5. Pass along assignments to other students for feedback. The instructor may be the one with the most experience in the area you’re learning about, but don’t pass up the valuable feedback that other students can offer as well. Another set of eyes, especially ones that are absorbing the same lessons you are, may catch something you’ve missed, or offer a new perspective.
6. Make connections and take them with you. The purpose of a listserv or a chat session is not only to get feedback throughout the course, but to connect with other students and possibly trade resources and continue critiquing each other’s work after the class has ended. You won’t be able to continue discussions through the listserv, but you can trade email addresses with other participants and keep in touch.
7. Follow up with the teacher. As an instructor, I love to hear from my students after the class concludes to see how they’ve put what they learned into practice. Just because the class is over doesn’t mean you can’t drop the instructor an occasional email and let him or her know how your writing projects are coming along. And this type of feedback offers some perspective, so what you have might even help the instructor teach a better class in the future.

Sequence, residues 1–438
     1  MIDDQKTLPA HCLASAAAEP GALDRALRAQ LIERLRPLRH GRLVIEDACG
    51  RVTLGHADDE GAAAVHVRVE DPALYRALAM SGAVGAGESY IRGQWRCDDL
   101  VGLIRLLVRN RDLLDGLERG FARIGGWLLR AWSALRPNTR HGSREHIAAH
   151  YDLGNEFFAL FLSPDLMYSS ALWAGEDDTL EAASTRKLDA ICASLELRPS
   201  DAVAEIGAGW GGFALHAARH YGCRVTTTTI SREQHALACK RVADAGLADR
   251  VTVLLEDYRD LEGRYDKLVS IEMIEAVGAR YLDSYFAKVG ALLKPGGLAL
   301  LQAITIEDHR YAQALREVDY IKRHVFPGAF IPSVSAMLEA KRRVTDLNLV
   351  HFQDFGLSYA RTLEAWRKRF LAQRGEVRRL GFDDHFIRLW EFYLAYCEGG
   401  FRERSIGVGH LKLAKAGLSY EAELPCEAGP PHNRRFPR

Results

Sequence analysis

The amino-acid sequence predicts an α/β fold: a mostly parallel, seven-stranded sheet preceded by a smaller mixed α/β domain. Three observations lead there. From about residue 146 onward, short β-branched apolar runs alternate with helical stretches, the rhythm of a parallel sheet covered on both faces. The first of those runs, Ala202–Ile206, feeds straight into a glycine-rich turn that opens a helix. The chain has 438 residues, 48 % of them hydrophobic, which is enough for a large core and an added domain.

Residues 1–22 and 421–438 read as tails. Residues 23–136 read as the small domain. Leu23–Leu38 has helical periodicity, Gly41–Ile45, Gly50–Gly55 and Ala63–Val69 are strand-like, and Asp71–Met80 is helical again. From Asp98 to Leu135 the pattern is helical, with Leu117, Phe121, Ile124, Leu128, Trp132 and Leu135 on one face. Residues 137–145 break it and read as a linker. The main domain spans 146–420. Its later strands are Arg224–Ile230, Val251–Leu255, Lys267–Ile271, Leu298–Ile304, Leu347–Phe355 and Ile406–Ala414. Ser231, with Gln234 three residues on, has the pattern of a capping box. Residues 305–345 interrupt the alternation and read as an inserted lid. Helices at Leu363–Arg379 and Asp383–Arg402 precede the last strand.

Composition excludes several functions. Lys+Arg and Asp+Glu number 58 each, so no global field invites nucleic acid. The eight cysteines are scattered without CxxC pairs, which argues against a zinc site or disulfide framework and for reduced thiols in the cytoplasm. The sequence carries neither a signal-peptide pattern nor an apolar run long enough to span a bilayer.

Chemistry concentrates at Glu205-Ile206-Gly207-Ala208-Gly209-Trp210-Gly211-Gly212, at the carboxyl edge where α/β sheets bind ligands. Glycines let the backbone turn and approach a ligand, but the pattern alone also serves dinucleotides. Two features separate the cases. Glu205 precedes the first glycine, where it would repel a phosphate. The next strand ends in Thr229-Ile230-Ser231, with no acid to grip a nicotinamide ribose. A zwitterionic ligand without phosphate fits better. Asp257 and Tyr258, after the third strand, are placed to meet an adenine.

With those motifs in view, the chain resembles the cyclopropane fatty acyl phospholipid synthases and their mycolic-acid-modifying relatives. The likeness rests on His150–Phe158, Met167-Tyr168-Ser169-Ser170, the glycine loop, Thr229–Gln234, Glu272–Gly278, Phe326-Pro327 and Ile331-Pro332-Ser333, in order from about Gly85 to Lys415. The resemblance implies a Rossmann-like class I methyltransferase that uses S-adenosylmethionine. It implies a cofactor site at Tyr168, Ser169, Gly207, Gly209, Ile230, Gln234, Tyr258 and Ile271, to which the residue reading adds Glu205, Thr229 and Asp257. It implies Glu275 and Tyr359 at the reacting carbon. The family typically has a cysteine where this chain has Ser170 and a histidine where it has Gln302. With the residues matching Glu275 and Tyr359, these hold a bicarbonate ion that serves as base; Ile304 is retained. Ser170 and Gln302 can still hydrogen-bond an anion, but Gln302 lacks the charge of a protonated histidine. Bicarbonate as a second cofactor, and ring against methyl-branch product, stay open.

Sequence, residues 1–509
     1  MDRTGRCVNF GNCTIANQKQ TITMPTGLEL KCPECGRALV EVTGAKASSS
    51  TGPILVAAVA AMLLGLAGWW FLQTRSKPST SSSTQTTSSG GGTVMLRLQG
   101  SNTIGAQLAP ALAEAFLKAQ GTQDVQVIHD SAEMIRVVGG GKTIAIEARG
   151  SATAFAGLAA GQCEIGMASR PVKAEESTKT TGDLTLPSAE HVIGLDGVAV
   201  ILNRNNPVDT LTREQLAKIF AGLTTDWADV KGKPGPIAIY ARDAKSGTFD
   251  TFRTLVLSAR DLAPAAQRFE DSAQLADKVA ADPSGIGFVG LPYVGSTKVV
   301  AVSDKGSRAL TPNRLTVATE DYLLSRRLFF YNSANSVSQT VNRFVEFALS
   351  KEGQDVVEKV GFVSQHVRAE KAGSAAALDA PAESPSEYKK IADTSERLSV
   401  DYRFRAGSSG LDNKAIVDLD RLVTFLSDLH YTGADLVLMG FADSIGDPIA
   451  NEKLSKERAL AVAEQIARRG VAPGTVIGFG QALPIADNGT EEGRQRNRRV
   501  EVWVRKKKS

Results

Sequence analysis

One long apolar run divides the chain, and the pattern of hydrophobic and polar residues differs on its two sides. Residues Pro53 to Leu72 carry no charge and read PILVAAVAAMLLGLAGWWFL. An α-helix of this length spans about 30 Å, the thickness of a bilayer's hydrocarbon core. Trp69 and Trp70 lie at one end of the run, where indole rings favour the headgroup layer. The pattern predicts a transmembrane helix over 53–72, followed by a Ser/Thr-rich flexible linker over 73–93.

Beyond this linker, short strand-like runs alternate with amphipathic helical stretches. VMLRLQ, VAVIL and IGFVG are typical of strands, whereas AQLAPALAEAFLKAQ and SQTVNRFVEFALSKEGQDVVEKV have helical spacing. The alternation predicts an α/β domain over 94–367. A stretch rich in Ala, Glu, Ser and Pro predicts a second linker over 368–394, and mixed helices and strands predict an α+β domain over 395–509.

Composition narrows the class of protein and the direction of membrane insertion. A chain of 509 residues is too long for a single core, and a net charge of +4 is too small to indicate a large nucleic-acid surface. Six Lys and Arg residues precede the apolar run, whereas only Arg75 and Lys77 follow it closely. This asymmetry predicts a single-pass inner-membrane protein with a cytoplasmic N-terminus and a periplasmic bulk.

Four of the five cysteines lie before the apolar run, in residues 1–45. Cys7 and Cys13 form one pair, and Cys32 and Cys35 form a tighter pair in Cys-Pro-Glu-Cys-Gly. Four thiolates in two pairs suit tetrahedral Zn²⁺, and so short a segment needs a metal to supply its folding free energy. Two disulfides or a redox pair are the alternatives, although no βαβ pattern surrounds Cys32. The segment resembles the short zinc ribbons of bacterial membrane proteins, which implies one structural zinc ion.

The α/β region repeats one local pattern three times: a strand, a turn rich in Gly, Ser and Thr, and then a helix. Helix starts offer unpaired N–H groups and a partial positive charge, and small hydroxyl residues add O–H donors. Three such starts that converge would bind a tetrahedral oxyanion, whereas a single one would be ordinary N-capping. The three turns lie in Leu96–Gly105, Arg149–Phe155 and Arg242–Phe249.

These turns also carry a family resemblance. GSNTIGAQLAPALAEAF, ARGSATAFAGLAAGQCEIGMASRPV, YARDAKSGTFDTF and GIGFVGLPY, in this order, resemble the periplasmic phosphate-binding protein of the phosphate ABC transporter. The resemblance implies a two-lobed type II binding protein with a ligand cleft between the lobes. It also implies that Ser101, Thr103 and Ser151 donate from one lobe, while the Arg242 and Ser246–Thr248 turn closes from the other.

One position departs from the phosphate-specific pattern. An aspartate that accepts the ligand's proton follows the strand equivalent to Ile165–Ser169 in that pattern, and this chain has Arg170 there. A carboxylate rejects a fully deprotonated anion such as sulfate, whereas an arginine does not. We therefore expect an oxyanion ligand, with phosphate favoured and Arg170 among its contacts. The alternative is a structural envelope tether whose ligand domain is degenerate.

8. Make goals for yourself immediately. While you work through each lesson, you’ll get ideas of goals you want to achieve, big and small. All of these ideas will get you excited about writing, querying, or whatever aspect of writing you’re learning about. Take advantage of this adrenaline, and get those queries out the door. At the very least, make a goal schedule for yourself for the next few months and stick to it. Hopefully, the successes that you achieve along the way will push you to continue reaching your goals long after the class has ended.
To get the most out of an online course, it helps to be a self-starter. If you’re already a freelance writer, or thinking of becoming one, this is a trait that you need to possess anyway. The tips you learn, the feedback you get, and the contacts you make can take you far, if you know how to take full advantage of them.
Victoria Groves is a freelance writer and online writing instructor. She is currently teaching three courses at WritersWeekly.com – Cash in on Newsletter Writing and Publishing, Cash in on Teens and Tweens, and The Art of the Press Release. She can be reached at: vmgroves – AT – yahoo.com.